Overy concludes that the battle, in spite of its anti-climactic end, did accomplish some important outcomes. While the British had significantly overestimated the size and lethality of the German air command, the Germans were making the exact opposite mistake, profoundly underestimating the number of planes and pilots the British could float. They were surely helped into these assumptions by a constant stream of British misinformation, fed daily into the stream of frenzied intelligence reports. But the main culprit lay in Hitler’s own arrogant hubris. He expected to be winning. He didn’t consider failure a realistic possibility until it was well behind him. But by the end of the Battle of Britain, Hitler could not invade Britain with confidence, and as Overy notes, the risk of a military defeat, inevitably accompanied by a political catastrophe, was too high. But the war kept two million Germans occupied while the Russians struggled to gain a foothold in the massive land war to the east. It obligated Britain to stand up to Hitler, proving a European power could and would still do so. The visible aggression against a defiant “sister democracy” persuaded America to aid the British with destroyers, planes, pilots, food, money, and other critical implements.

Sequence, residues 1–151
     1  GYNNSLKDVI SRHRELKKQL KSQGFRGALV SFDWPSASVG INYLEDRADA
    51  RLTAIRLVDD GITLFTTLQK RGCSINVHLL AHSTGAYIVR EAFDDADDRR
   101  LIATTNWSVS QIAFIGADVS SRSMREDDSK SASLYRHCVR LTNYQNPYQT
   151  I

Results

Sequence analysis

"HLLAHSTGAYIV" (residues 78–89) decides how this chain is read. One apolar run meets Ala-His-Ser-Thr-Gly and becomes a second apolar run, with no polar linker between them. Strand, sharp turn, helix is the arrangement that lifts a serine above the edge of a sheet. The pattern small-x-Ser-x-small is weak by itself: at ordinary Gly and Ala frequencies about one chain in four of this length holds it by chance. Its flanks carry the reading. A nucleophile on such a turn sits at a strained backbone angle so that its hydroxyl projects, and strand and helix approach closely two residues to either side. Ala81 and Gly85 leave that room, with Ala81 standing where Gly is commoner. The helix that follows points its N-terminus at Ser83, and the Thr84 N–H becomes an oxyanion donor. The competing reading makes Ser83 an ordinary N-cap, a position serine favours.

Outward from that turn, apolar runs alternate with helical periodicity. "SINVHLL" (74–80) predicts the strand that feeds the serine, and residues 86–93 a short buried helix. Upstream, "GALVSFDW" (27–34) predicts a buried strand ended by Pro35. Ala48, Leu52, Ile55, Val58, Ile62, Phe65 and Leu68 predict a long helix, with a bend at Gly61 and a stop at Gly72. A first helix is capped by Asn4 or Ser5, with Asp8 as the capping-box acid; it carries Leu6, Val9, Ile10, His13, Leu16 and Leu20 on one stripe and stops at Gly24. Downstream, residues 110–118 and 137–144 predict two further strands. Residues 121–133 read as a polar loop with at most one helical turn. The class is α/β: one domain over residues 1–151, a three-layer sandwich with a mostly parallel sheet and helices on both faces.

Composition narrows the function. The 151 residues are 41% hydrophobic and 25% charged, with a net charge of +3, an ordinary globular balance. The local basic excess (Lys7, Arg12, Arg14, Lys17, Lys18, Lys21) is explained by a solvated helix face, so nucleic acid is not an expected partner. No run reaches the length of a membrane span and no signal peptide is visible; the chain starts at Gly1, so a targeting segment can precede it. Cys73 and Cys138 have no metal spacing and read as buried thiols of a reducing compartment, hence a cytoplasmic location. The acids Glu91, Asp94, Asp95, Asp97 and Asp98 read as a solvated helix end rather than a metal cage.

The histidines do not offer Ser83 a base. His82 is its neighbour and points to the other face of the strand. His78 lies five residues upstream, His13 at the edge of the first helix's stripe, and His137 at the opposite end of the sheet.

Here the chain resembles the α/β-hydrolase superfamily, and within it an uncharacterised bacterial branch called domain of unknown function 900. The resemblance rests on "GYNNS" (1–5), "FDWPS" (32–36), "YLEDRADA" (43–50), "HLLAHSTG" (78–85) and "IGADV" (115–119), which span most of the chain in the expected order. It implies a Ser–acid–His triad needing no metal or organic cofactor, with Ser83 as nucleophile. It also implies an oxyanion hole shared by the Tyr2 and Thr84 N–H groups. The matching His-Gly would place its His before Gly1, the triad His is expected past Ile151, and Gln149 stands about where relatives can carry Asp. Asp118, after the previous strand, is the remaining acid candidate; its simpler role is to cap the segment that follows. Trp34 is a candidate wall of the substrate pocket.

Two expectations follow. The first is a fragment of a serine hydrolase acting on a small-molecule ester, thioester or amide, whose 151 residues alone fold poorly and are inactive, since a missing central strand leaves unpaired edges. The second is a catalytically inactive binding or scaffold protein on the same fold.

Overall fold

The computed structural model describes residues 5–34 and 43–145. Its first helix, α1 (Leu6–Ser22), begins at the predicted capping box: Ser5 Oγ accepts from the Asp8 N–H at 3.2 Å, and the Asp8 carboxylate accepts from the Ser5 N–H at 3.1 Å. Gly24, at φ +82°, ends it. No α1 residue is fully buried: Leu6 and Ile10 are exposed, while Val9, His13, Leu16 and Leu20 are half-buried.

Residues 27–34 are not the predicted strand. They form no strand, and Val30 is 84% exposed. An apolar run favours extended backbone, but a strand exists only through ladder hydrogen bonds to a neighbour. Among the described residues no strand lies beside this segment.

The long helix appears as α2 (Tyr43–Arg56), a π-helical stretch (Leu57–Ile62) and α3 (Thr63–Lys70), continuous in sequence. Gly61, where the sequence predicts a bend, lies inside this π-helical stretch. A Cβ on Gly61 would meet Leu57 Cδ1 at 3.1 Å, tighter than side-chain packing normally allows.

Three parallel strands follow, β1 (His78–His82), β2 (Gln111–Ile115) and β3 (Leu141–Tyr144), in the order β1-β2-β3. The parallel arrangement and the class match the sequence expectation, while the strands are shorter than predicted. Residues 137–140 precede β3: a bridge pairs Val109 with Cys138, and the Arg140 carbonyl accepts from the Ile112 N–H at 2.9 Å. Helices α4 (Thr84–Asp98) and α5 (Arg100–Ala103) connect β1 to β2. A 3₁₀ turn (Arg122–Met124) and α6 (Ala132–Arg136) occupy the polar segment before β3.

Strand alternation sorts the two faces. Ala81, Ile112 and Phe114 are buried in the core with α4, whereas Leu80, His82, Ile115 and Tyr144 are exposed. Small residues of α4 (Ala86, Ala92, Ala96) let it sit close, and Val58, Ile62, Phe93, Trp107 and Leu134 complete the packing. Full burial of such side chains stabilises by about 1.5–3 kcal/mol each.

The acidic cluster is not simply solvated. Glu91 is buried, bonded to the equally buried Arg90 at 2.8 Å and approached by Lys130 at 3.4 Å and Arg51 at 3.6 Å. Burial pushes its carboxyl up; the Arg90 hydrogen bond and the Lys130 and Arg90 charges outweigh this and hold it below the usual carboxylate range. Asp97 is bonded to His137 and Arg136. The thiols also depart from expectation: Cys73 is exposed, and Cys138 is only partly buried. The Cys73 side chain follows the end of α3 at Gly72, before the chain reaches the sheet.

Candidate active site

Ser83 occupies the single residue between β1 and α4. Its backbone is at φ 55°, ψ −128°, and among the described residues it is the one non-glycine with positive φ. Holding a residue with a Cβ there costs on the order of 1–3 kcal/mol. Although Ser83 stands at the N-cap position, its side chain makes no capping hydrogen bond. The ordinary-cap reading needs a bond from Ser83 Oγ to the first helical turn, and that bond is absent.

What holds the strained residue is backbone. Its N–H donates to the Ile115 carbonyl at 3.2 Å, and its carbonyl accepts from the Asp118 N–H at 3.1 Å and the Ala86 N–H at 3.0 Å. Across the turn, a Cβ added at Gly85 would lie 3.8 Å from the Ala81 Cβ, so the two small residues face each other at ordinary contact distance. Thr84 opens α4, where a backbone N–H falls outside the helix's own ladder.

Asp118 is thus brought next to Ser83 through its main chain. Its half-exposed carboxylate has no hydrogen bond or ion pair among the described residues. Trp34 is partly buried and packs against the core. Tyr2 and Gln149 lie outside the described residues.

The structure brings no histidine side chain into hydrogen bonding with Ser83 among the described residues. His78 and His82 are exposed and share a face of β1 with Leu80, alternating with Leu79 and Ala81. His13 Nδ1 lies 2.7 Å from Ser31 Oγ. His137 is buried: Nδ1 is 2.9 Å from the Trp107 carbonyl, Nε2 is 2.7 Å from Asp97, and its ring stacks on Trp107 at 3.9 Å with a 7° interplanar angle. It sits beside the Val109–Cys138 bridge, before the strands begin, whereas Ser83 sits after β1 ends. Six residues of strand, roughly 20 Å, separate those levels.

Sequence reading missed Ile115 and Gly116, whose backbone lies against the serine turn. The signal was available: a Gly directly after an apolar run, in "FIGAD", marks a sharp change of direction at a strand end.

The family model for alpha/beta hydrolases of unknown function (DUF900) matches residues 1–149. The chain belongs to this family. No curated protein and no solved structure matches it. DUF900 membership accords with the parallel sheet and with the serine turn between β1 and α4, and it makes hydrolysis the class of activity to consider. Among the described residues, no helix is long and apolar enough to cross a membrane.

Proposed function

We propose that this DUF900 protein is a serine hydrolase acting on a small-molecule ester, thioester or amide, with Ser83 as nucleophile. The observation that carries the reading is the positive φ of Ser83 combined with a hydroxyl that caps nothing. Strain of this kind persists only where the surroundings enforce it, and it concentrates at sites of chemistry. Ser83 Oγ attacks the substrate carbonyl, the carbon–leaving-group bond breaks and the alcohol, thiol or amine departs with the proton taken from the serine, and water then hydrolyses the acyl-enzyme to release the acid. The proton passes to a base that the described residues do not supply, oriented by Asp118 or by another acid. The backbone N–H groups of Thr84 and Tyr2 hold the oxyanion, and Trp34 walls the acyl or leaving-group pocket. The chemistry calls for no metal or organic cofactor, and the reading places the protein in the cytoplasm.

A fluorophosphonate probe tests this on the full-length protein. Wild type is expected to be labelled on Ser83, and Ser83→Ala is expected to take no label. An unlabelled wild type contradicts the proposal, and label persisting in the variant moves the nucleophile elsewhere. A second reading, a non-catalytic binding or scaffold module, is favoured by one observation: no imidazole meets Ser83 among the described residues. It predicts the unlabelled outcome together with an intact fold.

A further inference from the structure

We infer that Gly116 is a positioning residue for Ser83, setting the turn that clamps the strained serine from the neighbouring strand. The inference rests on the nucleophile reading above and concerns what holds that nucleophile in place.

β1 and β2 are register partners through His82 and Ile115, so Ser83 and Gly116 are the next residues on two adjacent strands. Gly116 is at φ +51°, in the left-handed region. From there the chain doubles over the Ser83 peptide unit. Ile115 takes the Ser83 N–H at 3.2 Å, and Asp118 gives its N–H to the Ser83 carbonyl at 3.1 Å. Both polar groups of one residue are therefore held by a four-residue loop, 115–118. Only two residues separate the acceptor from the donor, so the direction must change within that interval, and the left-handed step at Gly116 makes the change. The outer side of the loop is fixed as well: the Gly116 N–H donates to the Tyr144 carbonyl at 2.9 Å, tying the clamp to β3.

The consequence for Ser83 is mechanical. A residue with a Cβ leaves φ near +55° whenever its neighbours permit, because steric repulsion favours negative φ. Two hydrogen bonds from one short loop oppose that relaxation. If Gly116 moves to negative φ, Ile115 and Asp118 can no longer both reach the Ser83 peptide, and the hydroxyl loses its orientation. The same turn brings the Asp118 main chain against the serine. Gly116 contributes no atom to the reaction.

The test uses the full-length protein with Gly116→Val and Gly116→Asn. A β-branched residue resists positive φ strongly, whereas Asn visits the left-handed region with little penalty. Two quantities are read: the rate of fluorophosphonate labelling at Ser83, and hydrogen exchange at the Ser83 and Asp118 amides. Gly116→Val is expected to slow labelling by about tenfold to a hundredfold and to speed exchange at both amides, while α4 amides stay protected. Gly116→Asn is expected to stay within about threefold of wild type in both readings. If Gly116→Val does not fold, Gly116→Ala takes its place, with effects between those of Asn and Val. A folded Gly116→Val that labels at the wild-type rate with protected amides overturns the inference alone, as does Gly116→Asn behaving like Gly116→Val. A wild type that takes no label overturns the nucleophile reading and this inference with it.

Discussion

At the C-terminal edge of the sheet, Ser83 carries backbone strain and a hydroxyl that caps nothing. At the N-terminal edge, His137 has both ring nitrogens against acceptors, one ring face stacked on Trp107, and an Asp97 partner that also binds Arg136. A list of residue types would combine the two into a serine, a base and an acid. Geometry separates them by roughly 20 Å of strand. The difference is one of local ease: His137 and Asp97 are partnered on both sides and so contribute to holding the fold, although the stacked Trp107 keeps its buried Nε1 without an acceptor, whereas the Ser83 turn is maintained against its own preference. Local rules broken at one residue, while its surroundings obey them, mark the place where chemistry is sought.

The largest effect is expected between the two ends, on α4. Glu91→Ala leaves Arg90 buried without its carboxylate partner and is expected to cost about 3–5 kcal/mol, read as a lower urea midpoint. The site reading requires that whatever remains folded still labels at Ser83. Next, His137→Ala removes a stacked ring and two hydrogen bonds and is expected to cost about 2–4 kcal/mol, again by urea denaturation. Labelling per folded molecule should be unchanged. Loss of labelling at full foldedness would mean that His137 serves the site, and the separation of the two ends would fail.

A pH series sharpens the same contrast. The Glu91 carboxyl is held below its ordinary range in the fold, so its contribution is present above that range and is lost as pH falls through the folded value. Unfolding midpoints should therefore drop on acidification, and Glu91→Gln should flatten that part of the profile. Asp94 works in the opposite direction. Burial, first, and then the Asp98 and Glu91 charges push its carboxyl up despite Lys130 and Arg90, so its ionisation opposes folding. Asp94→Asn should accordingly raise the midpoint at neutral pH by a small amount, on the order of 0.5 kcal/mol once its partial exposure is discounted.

The United States would not enter the war for roughly another year after the great and celebrated “petering out,” as it were, but the August deal to exchange American destroyers for forward bases was an important step along America’s path to obtaining world power status. Though much of the yankees’ early effort would be directed at Japan in 1942, this deal (along with others negotiated by the Roosevelt administration against a political tide of isolationist sentiment) set the stage for the working relationship which would develop between Roosevelt and Churchill. It should not be forgotten that Britain had concurrent strategic obligations against Italy and in Egypt. The aid provided to the British was arguably critical in sustaining the island’s survival, and had Britain simply allowed themselves to be bowled over by the Luftwaffe, those other fronts would have fallen away immediately, dramatically altering Hitler’s calculus against the Soviets on the ground, to say nothing of Stalin’s!
Overy’s work makes these conclusions easier and more accessible by clarifying the misconceptions surrounding the Battle of Britain. It really was an important battle, even if its significance has been misconstrued, and even if its scope was dwarfed by other conflicts in other theaters. For these reasons, Overy’s book is an important book, even if its scope is dwarfed by the achievements of other authors. Recommended for students and general audiences.